Porting LittlevGL for a monochrome display

Mattia Maldini
Aug 11, 2019 · 10 min read

Leveraging LvGL’s capabilities on a low resource project

My line of work brings me close to small embedded systems with minimal UI: a few LEDs or some digits displays. From time to time however I end up working with small monochrome screens, sparking the need for a working albeit simple GUI library.

In this field, the available resources are barren to say the least. Most results found online refer either to proprietary libraries distributed by LCD vendors with nonexistent support or to dubious code generators that fail to deliver anything beyond a few supported drivers, if at all. My same company’s previous solution was a cracked and modified API whose reference manual was long lost in time. The only reliable alternative to baking your own GUI is LittlevGL.

Microchip’s attempt at GUI support. Needless to say, it’s barely functional.

LittlevGL (or LvGL) is an open source graphic library for embedded systems. It is mainly focused on color TFT displays, but can in principle work for monochrome LCDs as well. My first approach was discouraged by its main purpose being color and the size of the compiled result (about 250 KB of binary for PIC architecture). After a little fiddling however I can say I’m very satisfied, and I wish to make a little tutorial on how to use it.

For reference, my project uses a PIC24 microcontroller managing a 240x128 monochrome resistive touch LCD; in principle however all of the code is abstracted from the actual hardware and most of the explanations are valid in general. Everything written here is based on the extensive LittlevGL documentation.

Monochrome Configuration

LittlevGL is written entirely in C and uses a macro system to configure its settings and features. There is a template configuration on the root of the repository that needs to be copied into a file named lv_conf.h and to be included by all other sources. There are a lot of options, but for the sake of simplicity we can focus on just a few of them:

/* Maximal horizontal and vertical resolution to support by the library.*/
#define LV_HOR_RES_MAX (240)
#define LV_VER_RES_MAX (128)
/* Color depth:
* - 1: 1 byte per pixel
* - 8: RGB233
* - 16: RGB565
* - 32: ARGB8888
#define LV_COLOR_DEPTH 1
/* Enable anti-aliasing (lines, and radiuses will be smoothed) */
#define LV_ANTIALIAS 0
/*1: Enable the Animations */
/* Enable GPU optimization */
#define USE_LV_GPU 0

Setting the horizontal and vertical resolution is a must for any display; color depth must be 1 since we are working on monochrome, and by the way we disable antialiasing, GPU and animations as well (won’t need them in such a reduced GUI).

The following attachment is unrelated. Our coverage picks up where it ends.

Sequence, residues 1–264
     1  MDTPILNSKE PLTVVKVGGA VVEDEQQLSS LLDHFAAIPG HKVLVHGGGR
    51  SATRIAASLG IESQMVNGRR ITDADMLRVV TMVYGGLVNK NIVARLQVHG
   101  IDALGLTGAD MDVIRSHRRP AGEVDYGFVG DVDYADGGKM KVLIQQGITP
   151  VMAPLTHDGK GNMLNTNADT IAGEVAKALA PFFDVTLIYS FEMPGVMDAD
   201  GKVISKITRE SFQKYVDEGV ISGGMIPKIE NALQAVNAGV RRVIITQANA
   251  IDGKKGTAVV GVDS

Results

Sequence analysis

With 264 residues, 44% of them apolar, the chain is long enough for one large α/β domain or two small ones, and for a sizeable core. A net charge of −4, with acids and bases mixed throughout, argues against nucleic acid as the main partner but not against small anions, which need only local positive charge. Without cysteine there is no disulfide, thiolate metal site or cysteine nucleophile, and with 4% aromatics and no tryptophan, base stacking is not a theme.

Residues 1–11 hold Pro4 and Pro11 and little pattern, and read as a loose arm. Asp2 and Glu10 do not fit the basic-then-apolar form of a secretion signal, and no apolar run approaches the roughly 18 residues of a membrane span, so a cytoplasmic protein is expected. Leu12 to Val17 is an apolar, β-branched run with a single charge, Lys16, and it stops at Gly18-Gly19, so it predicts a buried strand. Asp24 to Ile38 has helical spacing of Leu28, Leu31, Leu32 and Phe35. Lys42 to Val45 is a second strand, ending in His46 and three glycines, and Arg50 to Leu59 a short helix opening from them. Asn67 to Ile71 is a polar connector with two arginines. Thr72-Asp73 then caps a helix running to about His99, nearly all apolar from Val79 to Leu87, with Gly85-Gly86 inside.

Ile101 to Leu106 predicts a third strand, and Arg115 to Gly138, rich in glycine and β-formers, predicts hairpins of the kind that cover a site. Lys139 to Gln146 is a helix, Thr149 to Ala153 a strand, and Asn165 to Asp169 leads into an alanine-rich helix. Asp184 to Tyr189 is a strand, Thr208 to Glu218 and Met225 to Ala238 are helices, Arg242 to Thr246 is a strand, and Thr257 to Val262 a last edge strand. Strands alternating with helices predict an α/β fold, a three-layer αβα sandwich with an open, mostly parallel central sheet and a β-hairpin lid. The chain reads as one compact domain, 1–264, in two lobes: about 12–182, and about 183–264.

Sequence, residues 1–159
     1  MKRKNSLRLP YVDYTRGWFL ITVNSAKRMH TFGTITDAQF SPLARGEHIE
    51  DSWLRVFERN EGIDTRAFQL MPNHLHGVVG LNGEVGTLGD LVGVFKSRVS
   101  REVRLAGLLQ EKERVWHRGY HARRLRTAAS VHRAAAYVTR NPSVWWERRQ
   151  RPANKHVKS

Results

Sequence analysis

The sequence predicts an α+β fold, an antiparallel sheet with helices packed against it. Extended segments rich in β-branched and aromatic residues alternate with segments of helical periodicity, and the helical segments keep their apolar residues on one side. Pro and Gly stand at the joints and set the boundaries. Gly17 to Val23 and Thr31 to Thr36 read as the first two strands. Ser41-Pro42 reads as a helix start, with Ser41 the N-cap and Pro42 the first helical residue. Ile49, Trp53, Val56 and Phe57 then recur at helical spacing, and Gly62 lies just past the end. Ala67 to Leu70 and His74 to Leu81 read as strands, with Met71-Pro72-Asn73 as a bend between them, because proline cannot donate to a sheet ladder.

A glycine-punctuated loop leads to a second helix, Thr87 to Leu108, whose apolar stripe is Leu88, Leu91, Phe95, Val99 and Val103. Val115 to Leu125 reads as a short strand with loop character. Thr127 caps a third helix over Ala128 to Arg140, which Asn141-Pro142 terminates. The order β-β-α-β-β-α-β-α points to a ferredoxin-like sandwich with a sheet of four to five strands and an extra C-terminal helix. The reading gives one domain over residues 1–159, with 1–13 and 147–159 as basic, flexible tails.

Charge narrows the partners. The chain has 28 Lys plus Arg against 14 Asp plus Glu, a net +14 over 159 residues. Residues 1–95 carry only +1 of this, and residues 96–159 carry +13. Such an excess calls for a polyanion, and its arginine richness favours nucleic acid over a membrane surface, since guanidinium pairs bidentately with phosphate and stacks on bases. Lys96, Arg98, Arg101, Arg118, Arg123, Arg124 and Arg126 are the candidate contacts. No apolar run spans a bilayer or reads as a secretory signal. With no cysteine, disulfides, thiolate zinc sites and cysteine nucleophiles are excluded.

The most important setting in this case is LV_COLOR_DEPTH. It configures the size for each pixel which in this case is just 1 bit, allowing to save some much needed RAM.

Library Initialization

Let’s look at how to actually initialize the library. The following code manages all the necessary operations:

    static uint8_t gbuf[8*240];
static lv_disp_buf_t disp_buf;

lv_disp_buf_init(&disp_buf, gbuf, NULL, 8*240);

lv_disp_drv_t disp_drv;
lv_disp_drv_init(&disp_drv); /*Basic initialization*/
disp_drv.buffer = &disp_buf; /*Set an initialized buffer*/
disp_drv.flush_cb = my_flush_cb; /*Callback*/
disp_drv.set_px_cb = my_set_px_cb; /*Callback*/
disp_drv.rounder_cb = my_rounder; /*Callback*/
lv_disp_t * disp;
disp = lv_disp_drv_register(&disp_drv); /*Register the driver and save the created display objects*/
/*Input device*/
lv_indev_drv_t indev_drv;
lv_indev_drv_init(&indev_drv); /*Basic initialization*/
indev_drv.type = LV_INDEV_TYPE_POINTER;
indev_drv.read_cb = my_input_read;
/*Register the driver in LittlevGL and save the created input device object*/
lv_indev_t * my_indev = lv_indev_drv_register(&indev_drv);

Let’s unwrap it line by line.

gbuf is our framebuffer, the memory region where drawing and graphical operation take place. My screen is 240x128 pixels, with pixel lines grouped horizontally into bytes: the resulting size is 240*128/8 = 240*8.

In this example pixels are grouped by vertical bytes; each “segment” draws an 8-bit column.

Note that it is not necessary for the buffer to accomodate the entire screen: if need be I can use a smaller area, and LvGL will conveniently split GUI operations that do not fit there in multiple, smaller parts. However, I happen to have enough RAM to spare.

lv_disp_buf_init initializes the disp_buf structure, knowing that we are using a single buffer (gbuf) 8*240 bytes wide.

The disp_drv structure contains information pertaining the interface with out display driver; more on this later. Once it is properly populated with callbacks we register it with the lv_disp_drv_register function.

Then we register an input device: it is a LV_INDEV_TYPE_POINTER, a touchscreen or mouse (the latter here). my_input_read simply returns the current touch coordinates, so that LvGL can know where the user is clicking: